Bonanno then began a hopeless battle to regain support. He claimed that the Commission had no right to interfere in the internal affairs of his family. Second, he argued that the Commission had no legal rights, as their five-year term ended in 1961. When those arguments failed, he organized his own kidnapping and went into hiding. That was another mistake. Finally, Bonanno appeared in public, and the street shooting began; experts call this later period the War of Bonanno. In 1968, however, Bonanno leaves New York and moves to Arizona. The Commission, in the creation of which he was directly involved, was his worst enemy.
In 1975 Carmine Galante took the place of the family boss. Although Joe Bonanno spent the 60s in prison after being convicted of drug trafficking, it did not stop his successor Galante, who quickly regained all contacts in Sicily and filled the entire east coast with the white powder soon. Wealth flowing into the hands of other bosses made Galante very nervous. Drug trafficking aroused discontent among politicians who, at any moment, could start a crusade against Cosa Nostra. Galante poured some oil on the flames by bringing cruel Sicilian rebels into the family. This situation led to the approval of Galante’s murder in July 1979 by the Commission (Dickie, 2004).
Nevertheless, death could not bring peace to the Galante Family. It took another bloody fight, in which the three capos were killed. It was the suppression of the last rebellion. Unfortunately for Sonny Napolitano, raising it to the capo did not make him happy. He allowed an undercover FBI agent, Joe Pistone, penetrate deep enough into the family. As soon as it became known, Napolitano was killed by order of the Commission.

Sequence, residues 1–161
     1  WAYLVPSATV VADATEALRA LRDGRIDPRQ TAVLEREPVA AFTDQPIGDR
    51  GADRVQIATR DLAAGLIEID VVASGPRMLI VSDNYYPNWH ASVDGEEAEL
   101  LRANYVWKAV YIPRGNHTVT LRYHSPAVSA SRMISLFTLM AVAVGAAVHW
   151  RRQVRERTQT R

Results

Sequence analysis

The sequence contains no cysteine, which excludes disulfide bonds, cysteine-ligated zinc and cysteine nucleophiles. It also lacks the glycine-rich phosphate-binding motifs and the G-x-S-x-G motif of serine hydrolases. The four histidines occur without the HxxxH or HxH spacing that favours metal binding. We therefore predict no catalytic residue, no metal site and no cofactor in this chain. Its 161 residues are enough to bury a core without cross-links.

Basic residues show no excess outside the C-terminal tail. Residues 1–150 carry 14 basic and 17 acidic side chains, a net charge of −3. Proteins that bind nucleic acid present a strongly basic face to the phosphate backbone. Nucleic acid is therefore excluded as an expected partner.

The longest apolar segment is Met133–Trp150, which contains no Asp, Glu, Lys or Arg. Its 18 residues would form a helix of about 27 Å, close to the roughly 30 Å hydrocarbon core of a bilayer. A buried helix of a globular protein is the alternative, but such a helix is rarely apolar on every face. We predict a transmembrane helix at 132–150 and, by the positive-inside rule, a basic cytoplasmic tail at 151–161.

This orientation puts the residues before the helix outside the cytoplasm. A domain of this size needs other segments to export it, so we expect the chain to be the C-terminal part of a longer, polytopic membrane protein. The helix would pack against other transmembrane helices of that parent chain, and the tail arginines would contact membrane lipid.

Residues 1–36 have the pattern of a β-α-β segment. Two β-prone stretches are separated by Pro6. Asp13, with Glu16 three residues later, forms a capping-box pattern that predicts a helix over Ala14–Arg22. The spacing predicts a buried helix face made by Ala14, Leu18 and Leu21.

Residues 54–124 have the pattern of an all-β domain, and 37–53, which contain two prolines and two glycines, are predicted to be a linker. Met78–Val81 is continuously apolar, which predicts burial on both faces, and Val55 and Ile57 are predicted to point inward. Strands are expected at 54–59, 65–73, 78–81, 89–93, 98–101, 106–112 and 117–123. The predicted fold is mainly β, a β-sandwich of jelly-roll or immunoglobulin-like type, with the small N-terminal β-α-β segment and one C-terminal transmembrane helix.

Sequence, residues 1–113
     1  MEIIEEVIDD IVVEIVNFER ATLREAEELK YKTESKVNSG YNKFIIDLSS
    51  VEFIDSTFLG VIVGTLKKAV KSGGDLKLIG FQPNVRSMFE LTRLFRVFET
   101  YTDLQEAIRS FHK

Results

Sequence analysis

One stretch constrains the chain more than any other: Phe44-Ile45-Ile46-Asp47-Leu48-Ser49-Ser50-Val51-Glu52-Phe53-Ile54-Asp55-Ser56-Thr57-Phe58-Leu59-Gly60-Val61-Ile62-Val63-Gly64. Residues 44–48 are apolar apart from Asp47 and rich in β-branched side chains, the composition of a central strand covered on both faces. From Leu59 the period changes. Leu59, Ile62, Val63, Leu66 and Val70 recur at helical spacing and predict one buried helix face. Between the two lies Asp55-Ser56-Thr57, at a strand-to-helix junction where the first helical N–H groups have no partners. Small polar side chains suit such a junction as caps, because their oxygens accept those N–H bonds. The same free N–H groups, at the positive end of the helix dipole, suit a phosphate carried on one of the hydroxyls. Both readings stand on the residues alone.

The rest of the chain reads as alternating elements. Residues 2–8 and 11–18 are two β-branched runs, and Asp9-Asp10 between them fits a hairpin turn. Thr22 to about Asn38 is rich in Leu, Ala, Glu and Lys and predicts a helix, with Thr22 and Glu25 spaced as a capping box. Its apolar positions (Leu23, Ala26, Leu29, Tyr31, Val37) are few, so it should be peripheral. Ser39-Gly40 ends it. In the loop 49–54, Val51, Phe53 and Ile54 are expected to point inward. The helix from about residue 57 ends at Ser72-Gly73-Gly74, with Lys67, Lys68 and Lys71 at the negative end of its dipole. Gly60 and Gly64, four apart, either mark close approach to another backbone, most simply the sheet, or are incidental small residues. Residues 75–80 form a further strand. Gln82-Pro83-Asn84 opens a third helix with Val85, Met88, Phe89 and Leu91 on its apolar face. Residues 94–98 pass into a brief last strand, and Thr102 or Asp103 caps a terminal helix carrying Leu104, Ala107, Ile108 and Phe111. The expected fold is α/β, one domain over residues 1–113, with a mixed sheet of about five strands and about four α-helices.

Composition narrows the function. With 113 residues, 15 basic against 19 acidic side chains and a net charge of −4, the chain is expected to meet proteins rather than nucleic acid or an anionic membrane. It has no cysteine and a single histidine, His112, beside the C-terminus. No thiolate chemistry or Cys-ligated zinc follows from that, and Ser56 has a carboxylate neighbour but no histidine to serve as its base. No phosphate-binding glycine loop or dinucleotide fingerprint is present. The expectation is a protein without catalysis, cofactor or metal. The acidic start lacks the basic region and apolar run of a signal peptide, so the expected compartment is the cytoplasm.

Around this time, Joe Bonanno unexpectedly returned to business. Several years earlier, he published his autobiography, Joe Bonanno – A Man of Honor, in which he described in detail the history of the Commission. These memories were immediately put into circulation by the FBI agents and federal prosecutors, who launched an unprecedented attack on Cosa Nostra in the Case of the Commission. The results were not long in coming: some members and their assistants received 100-year prison sentences. Bonanno accidentally received revenge over Commission for his excommunication, but his main enemies, Carlo Gambino and Magaddino, had been already dead (Dickie, 2004).
If to speak about the Bonanno Family inheritance, for decades, the clan had been justifiably considered the biggest drug trafficker. Many of its members, including well-known Galante, were sentenced to lengthy prison terms for heroin trafficking. The family had been engaged in drug trafficking for almost a hundred years. The family used to betray and kill its friends what means that Joe Bonanno had no idea of what a real man of honor is.
Today, Five Families control the entire New York area, including even North New Jersey. They also do their business outside the state, in Las Vegas, South Florida, and Connecticut. Five Families of New York is a unique phenomenon in the world of organized crime. It is among the most influential criminal structures on the planet, established by the immigrants. Still the backbone of every family is Italian-Americans, they follow a clear hierarchy and strong traditions. Mafia is thriving despite repeated arrests and high-profile lawsuits; its story continues nowadays.